I have every reason to be grateful to Michael Heseltine. If he had not been good enough to walk out of the Cabinet on a cold January morning in 1986, I would not have been invited to join it an hour later, replacing George Younger, who had filled the gap in the Ministry of Defence. In other respects, too, I should have been close to him. We were both highly suspect as far as Margaret Thatcher was concerned. Like him, I supported British membership of the European Union. In his auto-biography, Heseltine writes that he expected me to be one of those who, with him, would help maintain the one-nation tradition of the Tory party in the Commons after the 1997 election.
And yet, I didn't feel able to vote for Heseltine in 1990, even after Thatcher withdrew. I voted for Douglas Hurd; and if he hadn't been available, I would probably have voted for John Major. My attitude, similar to that of many others, probably explains why Heseltine never became prime minister. It wasn't just the right of the party that was determined to stop him. Many in the centre did not see him as the right person to be prime minister, despite his many undoubted talents.
Why was this? In some respects, he answers the question himself in Life in the Jungle. It is a rather disappointing book. Most of it could have been written by any worthy minister who has spent years immersed in the serious but dull business of the Department of the Environment or the DTI. He tells us about his daily battles to clean up the environment, deregulate industry, improve competitiveness and regenerate the inner cities. It is all serious and honourable business, but it has little to do with the public image of Heseltine. What made him a "big beast of the jungle" was not the urban task forces, the Audit Commission or the Docklands Light Railway, but the battle against Thatcher, the swinging of the mace, the storming out of the Cabinet, the flak jacket and the fiery rhetoric at party conferences.
But all of these, he assures us, were misunderstandings or media exaggerations. He never plotted against Thatcher, he lifted the mace only gently, his resignation was unplanned and the flak jacket had been given to him because it was raining. If we accept all that, we are left with an industrious, conscientious and conventional minister with good looks, long blond hair and an ability to cheer up Tory activists - a good colleague, yes, but hardly the stuff of which prime ministers and world statesmen are made.
Many would not accept Heseltine's version of events. But the alternative, although more colourful, implies a volatile person-ality, a plotting temperament and a habitual lack of judgement. Either way, he had problems. But which is the real Michael Heseltine? He was undoubtedly very ambitious, but how many politicians aren't? He was neither as ruthless nor as assiduous in the pursuit of his ambition as he might have been. I had been in the Commons since 1974, and he knew me to be on the centre left of the party. But neither before nor after his resignation did he make any effort to cultivate my support, apart from a single conversation in the Lobby during the leadership campaign.
After his defeat by Major, Heseltine became the most loyal and helpful of colleagues in both the Cabinet and the parliamentary party, neither of which was famous for its loyalty or help to the then prime minister. During the torrid years from 1992-97, it is difficult to believe that he could not have undermined Major and replaced him, if he had been sufficiently determined. But he made no attempt to do so. Despite past conflicts and his natural disappointment, he behaved much better to Major than Gordon Brown is behaving to Tony Blair.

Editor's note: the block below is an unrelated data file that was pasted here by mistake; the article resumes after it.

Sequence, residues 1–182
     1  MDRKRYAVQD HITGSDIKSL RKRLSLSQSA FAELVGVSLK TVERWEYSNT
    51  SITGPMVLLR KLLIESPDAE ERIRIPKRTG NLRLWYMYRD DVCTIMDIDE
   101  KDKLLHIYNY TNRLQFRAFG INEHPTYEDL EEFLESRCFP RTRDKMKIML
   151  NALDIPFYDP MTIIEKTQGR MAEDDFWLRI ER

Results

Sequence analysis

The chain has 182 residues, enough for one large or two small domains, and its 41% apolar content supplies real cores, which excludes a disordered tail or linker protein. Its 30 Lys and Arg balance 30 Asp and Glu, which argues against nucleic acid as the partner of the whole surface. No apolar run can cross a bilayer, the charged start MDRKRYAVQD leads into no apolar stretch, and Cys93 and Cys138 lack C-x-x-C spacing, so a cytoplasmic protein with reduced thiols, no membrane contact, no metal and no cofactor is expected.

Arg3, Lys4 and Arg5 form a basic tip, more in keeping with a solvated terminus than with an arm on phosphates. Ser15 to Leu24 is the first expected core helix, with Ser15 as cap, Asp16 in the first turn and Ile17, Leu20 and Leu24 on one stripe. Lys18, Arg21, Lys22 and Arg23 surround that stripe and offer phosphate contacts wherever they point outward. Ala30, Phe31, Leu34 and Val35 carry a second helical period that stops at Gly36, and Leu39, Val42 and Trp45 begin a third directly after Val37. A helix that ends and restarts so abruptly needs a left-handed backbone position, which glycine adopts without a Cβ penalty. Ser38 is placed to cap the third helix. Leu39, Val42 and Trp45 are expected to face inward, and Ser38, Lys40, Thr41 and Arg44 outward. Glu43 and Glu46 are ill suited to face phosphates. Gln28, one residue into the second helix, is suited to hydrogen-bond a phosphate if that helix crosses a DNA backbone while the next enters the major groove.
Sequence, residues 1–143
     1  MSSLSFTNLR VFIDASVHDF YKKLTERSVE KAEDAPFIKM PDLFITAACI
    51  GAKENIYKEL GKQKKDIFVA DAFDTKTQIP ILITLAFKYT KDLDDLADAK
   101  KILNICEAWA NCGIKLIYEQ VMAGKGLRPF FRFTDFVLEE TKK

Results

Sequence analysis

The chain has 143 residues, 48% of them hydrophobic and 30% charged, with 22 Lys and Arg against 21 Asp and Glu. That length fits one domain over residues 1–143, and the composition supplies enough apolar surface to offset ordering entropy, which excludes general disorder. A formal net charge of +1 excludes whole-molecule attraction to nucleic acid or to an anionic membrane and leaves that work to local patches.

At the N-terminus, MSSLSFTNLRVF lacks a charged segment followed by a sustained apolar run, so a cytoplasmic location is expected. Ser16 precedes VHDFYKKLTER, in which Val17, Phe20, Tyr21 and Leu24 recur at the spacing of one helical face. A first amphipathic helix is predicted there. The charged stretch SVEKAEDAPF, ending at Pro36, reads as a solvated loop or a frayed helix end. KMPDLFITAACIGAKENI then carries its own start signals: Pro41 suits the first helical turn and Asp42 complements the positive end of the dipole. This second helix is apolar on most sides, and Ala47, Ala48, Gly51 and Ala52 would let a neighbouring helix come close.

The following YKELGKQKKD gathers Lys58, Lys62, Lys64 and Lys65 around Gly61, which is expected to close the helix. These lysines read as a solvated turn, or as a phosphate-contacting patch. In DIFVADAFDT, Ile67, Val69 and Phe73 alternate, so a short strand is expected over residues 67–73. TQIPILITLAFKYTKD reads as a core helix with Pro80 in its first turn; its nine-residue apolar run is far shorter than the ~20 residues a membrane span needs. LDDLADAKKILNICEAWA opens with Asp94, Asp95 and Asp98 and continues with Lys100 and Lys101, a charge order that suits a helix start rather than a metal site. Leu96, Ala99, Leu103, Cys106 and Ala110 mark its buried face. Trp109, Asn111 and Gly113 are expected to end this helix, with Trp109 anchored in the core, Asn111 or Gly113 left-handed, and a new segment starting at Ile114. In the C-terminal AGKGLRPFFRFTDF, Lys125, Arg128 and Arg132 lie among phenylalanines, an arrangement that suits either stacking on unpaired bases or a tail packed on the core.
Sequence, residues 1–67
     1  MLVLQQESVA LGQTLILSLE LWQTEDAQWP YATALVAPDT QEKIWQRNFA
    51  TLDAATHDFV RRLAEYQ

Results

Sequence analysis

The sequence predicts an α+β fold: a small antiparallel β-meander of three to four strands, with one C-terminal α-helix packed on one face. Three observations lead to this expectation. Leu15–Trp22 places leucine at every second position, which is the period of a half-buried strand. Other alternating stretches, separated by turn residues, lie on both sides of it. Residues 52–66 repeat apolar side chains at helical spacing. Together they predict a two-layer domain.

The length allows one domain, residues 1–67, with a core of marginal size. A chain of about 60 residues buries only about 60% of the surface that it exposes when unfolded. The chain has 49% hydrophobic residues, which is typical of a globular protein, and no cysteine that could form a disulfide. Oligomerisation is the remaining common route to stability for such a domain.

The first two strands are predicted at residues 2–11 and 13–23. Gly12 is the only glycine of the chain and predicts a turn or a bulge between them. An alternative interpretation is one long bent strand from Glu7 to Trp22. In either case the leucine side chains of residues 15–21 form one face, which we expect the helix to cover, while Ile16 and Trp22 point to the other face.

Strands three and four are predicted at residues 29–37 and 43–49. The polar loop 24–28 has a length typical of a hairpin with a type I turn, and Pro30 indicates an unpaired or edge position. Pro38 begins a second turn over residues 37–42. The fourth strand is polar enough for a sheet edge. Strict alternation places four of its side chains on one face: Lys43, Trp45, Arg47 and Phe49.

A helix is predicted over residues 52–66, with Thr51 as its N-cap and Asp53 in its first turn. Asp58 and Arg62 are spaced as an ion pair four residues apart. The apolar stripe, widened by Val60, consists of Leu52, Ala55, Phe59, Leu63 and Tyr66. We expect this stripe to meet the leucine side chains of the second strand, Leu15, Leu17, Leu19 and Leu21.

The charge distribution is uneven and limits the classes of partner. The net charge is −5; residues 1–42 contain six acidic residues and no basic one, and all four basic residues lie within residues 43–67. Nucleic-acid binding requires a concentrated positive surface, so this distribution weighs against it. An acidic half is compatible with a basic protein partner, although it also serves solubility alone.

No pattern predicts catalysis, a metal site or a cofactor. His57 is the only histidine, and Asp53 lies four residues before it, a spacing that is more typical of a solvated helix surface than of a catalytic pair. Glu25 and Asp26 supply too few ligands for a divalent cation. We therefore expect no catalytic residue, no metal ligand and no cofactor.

Those who become prime minister usually do so for one of two reasons: either they are like Harold Wilson, Lloyd George or Disraeli, combining single-minded determination with a genius for political tactics, or they are like Thatcher, Churchill or Gladstone, seen to represent the needs and aspirations of the nation at a crucial time. Often, both characteristics are to be found in the same person; rarely does a prime minister have neither.
That was Heseltine's problem. He had the ambition, but his tactics were mediocre. The incident with the mace and his resignation over Westland made him a national figure, but the leadership of the Conservative Party was not decided by the nation - it was decided by his parliamentary colleagues. They concluded that his judgement was poor and that he was too theatrical to be their leader.
Nor was Heseltine lucky with the spirit of the times. He was seen to represent a more interventionist, more European and more Heathite Toryism than the party wanted in the Eighties or Nineties. Activists loved him at the party conference, and cheered him to the rooftops, but they were there to be entertained, not persuaded. Likewise, the public saw and was amused by an exuberant personality. But it did not see an alternative vision for the nation, because he did not have one.
We are left with a kinder, nicer and more sensitive Michael Heseltine than his reputation implied: a minister who was competent, innovative and often brave. The citizens of Toxteth, Docklands and the inner cities have every reason to be grateful to him. As a colleague, he was more loyal than most assumed, and one who was genuinely attracted to using power to improve the lot of his fellow man.
He also has a fine sense of humour, and is happy to direct it against himself. When he was part of a birdwatching society at his public school, they all had names associated with their hobby. His, he tells us, was "Great Tit". Public life was good to him. He began as a great tit and ended as a big beast of the jungle. Most of us would settle for that.
Malcolm Rifkind was foreign secretary from 1995-97